Why three days, and why now? Those are the two most obvious questions to ask the Ontario government regarding its new proposal, unveiled on Wednesday at Queen’s Park, to guarantee a measure of paid sick leave.
The answers: politics, and politics.
Premier Doug Ford’s cabinet has for months been urging the federal government to improve the Canada Recovery Sickness Benefit, which pays workers for any sick time they have to take due to COVID-19. But Ottawa simply cannot solve the problems that come with the Tories’ insistence on using a federal program to do what should be done by provincial labour legislation. That’s been said by public-health experts, unions, mayors, and councillors, and it was largely dismissed by the provincial government until two weeks ago.
So what changed? The federal budget was released, sure — but we can’t pretend we would be seeing the same behaviour that we’ve seen from the Ford government in the past week were it not for the incredible political crisis the government has been mired in since Ontario’s third lockdown began earlier this month. If the Progressive Conservatives collectively (and Ford personally) were in a stronger political position, they’d likely still be resisting calls for paid sick leave, and for the same reasons they dismantled what paid sick leave Ontario had when they took power in 2018: they’re small-government conservatives who don’t appear to believe workers need these kinds of protections.
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But why three days? I’m not a federal-politics reporter, but it seems pretty clear from recent events that three days was the price federal finance minister Chrystia Freeland demanded in order for Ottawa to accede to Ontario’s requested CRSB improvements.
“When Ontario is ready to mandate sick leave in provincially regulated businesses, as we have done for federally regulated businesses, we will be there to help," Freeland’s spokesperson told reporters on Monday. This requires some translation, as Ontario has legislated sick leave; it simply isn’t paid (and won’t be until the government amends the Employment Standards Act). So either Freeland was asking Ontario to do something it’s already done, or her office was asking the province to match the current number of sick days that federally regulated workers are guaranteed under the Canada Labour Code.
That’s three days — the same number of days Labour Minister Monte McNaughton proposes to grant Ontario workers until September 25, when the CRSB is slated to expire.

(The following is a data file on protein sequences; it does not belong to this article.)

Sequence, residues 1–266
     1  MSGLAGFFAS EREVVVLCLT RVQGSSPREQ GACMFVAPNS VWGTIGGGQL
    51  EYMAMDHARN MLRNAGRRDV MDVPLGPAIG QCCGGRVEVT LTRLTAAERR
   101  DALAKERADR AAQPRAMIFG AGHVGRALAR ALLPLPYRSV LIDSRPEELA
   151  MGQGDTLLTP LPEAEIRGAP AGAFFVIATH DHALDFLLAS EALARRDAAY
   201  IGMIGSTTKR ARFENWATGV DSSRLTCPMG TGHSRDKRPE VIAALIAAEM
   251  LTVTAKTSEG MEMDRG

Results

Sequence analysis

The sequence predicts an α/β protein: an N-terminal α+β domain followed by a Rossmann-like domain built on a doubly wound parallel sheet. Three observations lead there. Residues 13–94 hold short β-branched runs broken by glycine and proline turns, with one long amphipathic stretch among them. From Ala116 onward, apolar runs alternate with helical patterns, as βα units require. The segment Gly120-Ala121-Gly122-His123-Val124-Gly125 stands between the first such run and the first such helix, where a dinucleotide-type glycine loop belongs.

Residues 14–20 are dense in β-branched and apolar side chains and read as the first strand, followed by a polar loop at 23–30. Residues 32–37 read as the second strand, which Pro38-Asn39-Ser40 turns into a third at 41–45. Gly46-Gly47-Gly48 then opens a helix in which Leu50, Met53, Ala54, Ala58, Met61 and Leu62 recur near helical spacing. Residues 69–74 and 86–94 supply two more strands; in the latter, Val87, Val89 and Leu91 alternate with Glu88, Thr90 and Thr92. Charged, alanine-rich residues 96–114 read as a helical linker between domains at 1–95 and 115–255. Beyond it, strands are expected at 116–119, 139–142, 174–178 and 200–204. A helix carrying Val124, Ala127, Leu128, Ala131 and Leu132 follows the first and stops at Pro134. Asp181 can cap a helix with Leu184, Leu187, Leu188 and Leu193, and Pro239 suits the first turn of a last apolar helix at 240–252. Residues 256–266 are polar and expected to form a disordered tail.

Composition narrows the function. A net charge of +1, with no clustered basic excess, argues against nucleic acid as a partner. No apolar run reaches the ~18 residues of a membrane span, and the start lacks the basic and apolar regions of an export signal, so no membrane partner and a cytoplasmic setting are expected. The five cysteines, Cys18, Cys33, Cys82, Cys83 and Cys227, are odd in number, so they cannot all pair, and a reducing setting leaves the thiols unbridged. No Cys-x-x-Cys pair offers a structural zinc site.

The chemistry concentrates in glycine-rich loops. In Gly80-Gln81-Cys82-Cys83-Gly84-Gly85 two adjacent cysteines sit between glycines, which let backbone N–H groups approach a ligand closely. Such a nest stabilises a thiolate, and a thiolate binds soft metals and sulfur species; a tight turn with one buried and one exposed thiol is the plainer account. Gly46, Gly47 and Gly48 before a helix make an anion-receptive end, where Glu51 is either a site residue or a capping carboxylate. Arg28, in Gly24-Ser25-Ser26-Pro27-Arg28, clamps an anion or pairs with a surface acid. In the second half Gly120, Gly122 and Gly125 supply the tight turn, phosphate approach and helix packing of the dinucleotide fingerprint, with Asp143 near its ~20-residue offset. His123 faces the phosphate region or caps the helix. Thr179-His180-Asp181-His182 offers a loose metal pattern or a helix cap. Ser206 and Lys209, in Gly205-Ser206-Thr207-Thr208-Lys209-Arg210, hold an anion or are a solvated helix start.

So it seems we’re getting a paid-sick-leave plan generally because the Ford government is trying to extricate itself from a serious political crisis; and Ontario workers are getting three days specifically because, in this moment of crisis, the federal government had the leverage to extract that much from the premier’s office.
Will it work? Not as well as it should, because it should have been introduced a year ago. It’s difficult to know what to say when McNaughton claims, as he did on Wednesday, “This is a game-changer, and this will save lives.” This is one of those times when it’s almost more charitable to assume that a politician is lying, because McNaughton’s statement is absolutely damning of this government if it’s true. If it will save lives in April 2021, then it would have saved lives in April 2020. Nearly 8,000 Ontarians have died of COVID-19, and introducing paid sick leave now — after the crest of the third wave, if we’re lucky — means that, if McNaughton’s statement is true, some fraction of those thousands of dead might have been saved but were not.
For my part, I think McNaughton is telling the truth, and I think he’s correct: Ontario workers will be more protected with these measures than they are now, and some will have an easier time making the decision to stay home when they’re sick. Three days of paid sick leave won’t, on their own, cover the total amount of time that a worker who catches COVID-19 is likely to be sick for, but the combination of those three days plus an enhanced CRSB (which will deliver up to 20 more) will substantially improve the welfare of essential workers. Paid sick leave was never going to be a silver bullet, but this meaningfully pushes the dial in the right direction.
It comes too late for the dead, but that’s the kind of thing that happens when your public-health policies seem to be determined by partisanship and not the facts of a global pandemic.